Air pollution is easing up in Mexico City now, thanks not only to better transportation options but improved automotive technologies, heavy industry’s departure from the city, and tough policies like Hoy No Circula, which forbids each car to drive one day a week. The ring of mountains that surround Mexico City are still cloaked in a grey-blue haze, but the heavy, eye-stinging smog that many travelers remember is, increasingly, a thing of the past.

A map of the Metrobús system, including the fourth line set to open this year.

Even with extensive infrastructure, however, the system is now approaching its limits. The Insurgentes line is essentially at capacity; though Mayor Ebrard announced the addition of some newer, larger buses for the system just last week, the only way to significantly add service along the route, according to ITDP’s Annie Weinstock, would be to build new passing lanes in each direction, allowing express service.

When the fourth Metrobús line opens this year, the city expects to have 201 million passengers riding the system a year. The ridership is enormous but adds up to less than three of Mexico City’s eleven subway lines.

The constraints inherent in surface transit are clear. The buses must wait at red lights to allow traffic and pedestrians to cross the street, slowing trips. “You can’t do transit signal priority,” said Weinstock, referring to systems which extend green lights for approaching buses. “You would never have cross traffic.” At one point on our tour, a street protest blocked the Metrobús line in one direction; our group was forced to walk.

Mexico City's extensive subway system is also expanding, with a twelfth line opening this year. Photo: Noah Kazis

Mexico City is not standing still, continuing to expand its transit system both below ground and on the street. A twelfth subway line will open this summer, as will a fourth Metrobús line. In 2010, the city launched a new public bus service, named Ecobus for using clean fuels, which runs in mixed traffic.

Ebrard identified the relatively low cost of Metrobús operations as an advantage over further subway construction. At a five peso fare, equal to about 40 cents, the system turns an operating profit. Private operators — collectives made up of the minibus drivers who formerly drove each route — get all fare revenues, which then pay for their labor, fuel, maintenance, and most of the buses themselves, explained Miaja. The government only pays for the street and station infrastructure. In contrast, the city subsidizes its Metro system at a cost of about US$300 million a year.

The newest Metrobús line, opening this year, will have less extensive infrastructure. The two lanes on the right will be dedicated to buses, with a small bus shelter visible in a median in the street. One lane of through traffic will remain, visible in the top left. Photo: Noah Kazis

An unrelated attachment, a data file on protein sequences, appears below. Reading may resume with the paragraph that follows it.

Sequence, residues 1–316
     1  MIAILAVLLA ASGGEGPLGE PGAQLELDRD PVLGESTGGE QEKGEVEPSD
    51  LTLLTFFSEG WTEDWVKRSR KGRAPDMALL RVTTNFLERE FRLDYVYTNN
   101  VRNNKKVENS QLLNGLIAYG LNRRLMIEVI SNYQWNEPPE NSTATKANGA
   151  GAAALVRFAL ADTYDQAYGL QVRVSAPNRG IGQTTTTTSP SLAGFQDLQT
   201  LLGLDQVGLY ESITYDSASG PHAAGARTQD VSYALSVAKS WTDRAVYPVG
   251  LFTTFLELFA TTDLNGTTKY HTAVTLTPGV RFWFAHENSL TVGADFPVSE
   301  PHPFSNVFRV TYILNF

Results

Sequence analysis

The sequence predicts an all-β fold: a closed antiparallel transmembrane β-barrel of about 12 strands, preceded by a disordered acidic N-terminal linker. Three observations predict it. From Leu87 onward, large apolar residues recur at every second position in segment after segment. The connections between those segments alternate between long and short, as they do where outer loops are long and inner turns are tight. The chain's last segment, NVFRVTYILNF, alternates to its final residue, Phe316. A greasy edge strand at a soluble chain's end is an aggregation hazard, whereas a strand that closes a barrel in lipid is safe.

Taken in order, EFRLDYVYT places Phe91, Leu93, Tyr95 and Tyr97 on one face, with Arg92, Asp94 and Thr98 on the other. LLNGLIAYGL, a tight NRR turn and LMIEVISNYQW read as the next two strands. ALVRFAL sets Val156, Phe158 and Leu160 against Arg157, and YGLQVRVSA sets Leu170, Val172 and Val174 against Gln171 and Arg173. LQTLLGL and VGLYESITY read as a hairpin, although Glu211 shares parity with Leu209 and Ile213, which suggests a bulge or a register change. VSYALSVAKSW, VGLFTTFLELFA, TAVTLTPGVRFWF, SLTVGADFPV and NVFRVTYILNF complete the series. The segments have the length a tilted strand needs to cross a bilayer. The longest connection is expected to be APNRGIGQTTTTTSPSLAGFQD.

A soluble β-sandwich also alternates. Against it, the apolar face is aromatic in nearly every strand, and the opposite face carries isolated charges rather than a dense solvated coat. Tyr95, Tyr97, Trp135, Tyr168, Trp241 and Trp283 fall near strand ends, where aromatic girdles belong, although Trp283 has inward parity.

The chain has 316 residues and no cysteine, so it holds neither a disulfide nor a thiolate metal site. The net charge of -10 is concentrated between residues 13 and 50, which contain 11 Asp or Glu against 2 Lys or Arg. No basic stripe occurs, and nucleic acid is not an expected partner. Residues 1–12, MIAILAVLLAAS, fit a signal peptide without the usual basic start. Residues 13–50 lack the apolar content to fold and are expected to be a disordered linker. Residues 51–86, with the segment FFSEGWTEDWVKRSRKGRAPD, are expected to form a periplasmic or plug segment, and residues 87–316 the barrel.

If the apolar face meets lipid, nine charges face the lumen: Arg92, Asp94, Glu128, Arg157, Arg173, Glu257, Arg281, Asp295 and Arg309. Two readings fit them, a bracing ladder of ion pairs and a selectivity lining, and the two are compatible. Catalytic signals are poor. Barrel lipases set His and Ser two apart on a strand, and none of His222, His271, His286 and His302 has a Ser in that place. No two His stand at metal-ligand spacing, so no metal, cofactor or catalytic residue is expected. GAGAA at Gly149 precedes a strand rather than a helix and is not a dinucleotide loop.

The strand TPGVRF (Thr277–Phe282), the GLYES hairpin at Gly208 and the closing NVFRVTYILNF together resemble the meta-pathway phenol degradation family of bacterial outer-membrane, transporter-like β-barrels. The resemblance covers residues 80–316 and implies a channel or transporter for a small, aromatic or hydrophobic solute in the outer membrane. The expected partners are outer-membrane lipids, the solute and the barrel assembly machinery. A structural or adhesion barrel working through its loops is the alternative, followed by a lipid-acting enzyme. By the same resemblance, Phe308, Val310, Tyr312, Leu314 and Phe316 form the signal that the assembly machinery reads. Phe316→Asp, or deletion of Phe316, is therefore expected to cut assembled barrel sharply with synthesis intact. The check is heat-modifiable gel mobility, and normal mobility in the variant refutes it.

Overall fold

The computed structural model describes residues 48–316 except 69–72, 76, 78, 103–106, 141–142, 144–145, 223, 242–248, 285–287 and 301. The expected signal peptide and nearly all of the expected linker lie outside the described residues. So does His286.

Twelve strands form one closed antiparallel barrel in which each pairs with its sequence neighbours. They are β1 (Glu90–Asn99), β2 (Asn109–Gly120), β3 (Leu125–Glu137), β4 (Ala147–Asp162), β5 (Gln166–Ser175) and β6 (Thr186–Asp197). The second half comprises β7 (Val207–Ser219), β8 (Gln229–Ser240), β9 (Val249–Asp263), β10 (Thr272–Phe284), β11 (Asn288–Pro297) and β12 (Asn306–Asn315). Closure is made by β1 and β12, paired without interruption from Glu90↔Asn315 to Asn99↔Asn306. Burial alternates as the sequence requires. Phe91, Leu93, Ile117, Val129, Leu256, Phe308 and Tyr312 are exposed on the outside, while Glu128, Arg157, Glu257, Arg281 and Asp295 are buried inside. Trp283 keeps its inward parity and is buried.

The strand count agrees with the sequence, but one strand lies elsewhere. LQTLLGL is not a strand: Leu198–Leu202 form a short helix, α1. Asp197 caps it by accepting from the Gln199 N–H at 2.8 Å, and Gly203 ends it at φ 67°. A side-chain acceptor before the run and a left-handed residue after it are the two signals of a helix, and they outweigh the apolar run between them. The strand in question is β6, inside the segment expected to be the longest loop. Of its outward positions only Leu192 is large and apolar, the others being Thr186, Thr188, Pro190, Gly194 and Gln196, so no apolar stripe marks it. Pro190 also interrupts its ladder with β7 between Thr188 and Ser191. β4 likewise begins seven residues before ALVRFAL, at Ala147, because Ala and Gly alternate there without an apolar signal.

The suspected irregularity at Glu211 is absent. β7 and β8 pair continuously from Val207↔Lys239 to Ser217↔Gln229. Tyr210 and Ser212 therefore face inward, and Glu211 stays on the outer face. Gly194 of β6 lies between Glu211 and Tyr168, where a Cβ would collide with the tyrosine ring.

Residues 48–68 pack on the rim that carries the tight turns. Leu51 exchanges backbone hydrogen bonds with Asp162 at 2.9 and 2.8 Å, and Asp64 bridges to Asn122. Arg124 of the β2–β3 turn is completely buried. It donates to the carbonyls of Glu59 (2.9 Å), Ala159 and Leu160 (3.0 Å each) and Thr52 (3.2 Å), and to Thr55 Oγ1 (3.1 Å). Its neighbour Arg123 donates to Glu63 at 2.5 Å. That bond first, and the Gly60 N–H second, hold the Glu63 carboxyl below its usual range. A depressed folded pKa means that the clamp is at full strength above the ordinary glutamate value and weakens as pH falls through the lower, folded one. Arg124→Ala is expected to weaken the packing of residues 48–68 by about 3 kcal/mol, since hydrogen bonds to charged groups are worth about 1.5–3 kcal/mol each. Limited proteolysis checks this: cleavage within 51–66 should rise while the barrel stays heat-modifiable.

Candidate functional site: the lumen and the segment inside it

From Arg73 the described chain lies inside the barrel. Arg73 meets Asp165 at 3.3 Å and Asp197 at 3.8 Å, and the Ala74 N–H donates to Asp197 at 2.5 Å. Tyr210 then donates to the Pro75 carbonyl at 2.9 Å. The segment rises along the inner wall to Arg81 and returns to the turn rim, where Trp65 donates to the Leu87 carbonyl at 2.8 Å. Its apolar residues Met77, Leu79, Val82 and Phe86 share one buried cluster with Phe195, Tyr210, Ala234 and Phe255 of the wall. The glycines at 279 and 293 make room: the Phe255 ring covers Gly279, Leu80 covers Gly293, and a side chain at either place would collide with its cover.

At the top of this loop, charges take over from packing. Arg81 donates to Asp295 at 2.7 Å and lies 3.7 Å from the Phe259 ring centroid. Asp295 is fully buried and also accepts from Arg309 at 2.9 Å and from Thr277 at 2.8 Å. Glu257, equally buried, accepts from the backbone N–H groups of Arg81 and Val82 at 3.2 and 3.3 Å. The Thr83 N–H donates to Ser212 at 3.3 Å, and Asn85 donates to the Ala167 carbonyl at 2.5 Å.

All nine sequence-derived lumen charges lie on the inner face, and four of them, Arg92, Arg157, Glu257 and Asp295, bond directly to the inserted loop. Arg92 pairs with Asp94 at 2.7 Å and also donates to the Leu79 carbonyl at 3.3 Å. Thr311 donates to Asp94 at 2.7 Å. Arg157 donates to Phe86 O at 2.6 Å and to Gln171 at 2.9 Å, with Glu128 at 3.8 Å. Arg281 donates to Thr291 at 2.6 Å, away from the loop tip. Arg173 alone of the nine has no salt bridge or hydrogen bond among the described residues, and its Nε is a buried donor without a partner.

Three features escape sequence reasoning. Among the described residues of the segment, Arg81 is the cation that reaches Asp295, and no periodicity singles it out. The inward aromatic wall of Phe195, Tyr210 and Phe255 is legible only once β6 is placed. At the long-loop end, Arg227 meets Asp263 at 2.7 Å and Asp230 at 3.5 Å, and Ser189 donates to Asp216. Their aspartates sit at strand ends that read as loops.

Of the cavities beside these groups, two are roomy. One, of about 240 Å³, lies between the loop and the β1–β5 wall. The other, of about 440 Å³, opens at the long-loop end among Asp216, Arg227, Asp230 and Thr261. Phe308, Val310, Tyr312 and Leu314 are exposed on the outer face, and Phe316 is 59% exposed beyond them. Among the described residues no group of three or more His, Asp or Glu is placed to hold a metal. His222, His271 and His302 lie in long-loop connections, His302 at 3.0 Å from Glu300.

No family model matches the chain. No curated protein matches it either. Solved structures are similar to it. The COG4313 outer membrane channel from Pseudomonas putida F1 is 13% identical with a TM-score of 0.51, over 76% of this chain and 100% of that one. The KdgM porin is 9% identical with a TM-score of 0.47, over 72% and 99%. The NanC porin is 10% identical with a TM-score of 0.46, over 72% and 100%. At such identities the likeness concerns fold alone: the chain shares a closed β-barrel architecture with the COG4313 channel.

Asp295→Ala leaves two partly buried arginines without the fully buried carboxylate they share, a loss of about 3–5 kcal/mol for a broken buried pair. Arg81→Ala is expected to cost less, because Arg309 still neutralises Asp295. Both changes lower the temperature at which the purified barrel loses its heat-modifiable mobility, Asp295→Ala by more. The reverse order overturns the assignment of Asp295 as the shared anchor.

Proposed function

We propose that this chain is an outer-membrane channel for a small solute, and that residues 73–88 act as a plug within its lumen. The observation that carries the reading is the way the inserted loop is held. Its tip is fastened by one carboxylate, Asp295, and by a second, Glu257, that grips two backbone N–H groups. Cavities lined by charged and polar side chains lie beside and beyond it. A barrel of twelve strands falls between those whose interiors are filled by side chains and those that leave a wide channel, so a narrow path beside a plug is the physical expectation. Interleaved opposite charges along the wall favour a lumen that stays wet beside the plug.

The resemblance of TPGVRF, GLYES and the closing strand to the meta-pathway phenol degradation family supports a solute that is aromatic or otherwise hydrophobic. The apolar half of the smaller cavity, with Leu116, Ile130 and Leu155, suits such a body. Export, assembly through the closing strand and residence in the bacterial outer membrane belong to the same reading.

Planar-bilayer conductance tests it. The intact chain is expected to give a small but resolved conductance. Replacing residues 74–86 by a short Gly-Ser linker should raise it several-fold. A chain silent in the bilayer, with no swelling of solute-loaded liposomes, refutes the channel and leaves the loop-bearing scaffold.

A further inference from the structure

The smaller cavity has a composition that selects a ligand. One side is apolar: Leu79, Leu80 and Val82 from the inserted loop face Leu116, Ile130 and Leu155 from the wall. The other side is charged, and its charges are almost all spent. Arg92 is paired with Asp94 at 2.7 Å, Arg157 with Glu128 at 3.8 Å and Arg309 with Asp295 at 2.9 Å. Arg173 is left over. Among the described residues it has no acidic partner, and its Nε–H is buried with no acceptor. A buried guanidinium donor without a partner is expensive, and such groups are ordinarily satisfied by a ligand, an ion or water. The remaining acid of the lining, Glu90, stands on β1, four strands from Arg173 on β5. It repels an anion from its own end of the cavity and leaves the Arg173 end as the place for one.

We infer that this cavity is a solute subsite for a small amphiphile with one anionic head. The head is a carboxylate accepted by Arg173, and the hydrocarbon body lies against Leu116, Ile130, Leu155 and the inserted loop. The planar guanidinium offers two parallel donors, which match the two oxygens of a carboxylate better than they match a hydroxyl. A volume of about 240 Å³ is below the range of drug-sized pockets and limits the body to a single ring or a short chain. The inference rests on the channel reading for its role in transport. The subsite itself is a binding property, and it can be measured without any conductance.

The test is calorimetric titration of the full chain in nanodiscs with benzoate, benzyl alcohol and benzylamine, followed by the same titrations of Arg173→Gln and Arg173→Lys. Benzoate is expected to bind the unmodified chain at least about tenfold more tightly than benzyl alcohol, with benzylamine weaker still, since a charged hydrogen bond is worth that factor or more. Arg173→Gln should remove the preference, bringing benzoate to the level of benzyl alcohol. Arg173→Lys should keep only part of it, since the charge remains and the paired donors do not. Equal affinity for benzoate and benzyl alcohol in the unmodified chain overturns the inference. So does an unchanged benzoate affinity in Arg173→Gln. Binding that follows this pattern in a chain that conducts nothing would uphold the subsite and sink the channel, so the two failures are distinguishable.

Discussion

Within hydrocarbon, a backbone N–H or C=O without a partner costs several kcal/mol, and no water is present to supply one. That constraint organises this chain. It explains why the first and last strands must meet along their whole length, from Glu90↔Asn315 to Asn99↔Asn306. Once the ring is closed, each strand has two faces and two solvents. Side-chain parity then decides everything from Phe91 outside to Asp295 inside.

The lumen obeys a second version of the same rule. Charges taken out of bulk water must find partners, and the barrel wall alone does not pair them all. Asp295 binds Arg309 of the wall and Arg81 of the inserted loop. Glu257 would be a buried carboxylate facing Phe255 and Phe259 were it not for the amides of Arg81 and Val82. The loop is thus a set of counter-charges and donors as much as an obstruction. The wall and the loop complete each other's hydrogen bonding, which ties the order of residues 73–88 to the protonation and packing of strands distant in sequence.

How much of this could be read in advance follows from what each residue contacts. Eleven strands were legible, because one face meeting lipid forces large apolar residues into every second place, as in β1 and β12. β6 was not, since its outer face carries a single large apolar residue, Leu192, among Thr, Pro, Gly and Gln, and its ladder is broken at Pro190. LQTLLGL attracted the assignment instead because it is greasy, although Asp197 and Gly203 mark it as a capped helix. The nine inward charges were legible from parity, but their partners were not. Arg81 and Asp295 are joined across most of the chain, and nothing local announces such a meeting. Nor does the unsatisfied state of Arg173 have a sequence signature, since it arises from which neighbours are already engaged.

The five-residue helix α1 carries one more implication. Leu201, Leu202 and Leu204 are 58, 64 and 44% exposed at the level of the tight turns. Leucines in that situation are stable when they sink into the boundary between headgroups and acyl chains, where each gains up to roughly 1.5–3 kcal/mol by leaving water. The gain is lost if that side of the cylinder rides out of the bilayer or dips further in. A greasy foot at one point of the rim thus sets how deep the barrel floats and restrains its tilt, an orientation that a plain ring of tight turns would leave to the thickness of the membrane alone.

The new Metrobús line set to open will function slightly differently than the first three. Rather than offering the full bus rapid transit package, the new line will dispense with large stations and off-board fare payment while keeping the physically separated bus lanes. Because the line runs through Mexico City’s historic downtown, finding the space for the more intense infrastructure and squaring it with historic preservation laws proved unfeasible. At one point, Line 4 will run as a two-way bus mall, without any private car access. It will also improve transit access to the airport; right now, only one terminal is directly accessible from the subway.

The fourth line of the Metrobús will run just blocks away from the Calle Regina, a pedestrianized street downtown that Streetsblog described in a previous post. In both cases, street space was being used less for vehicle throughput than as unauthorized market space. “The streets were absolutely immobilized with street vendors,” said Hook. By our visit, the vendors had been cleared and construction was underway on the bus infrastructure.

On Mexico City streets, evidently, conflict isn’t only between different modes competing for scarce real estate. As important is the battle between the formal and informal sectors of the economy. Squatting vendors and private minibuses vie for street space with the customers of bricks-and-mortar merchants and systematized public transit. In clearing the first group to make way for the second, Mexico City is simultaneously improving mobility and sustainability while extending government control over new spaces.

Mexico City Mayor Marcelo Ebrard, in the yellow tie, speaks aboard a new articulated bus. Photo: Noah Kazis

Even if the Metrobús business model of displacing microbus drivers and then hiring them as BRT operating companies is not applicable in most American cities, Mayor Ebrard urged United States cities to copy the technological example of Metrobús, and to have the political will to invest street space in high quality bus service.

“Perseverance. You are right,” Ebrard told his American counterparts. “You are going to have resistance, but you are going to win this battle. I guarantee it.”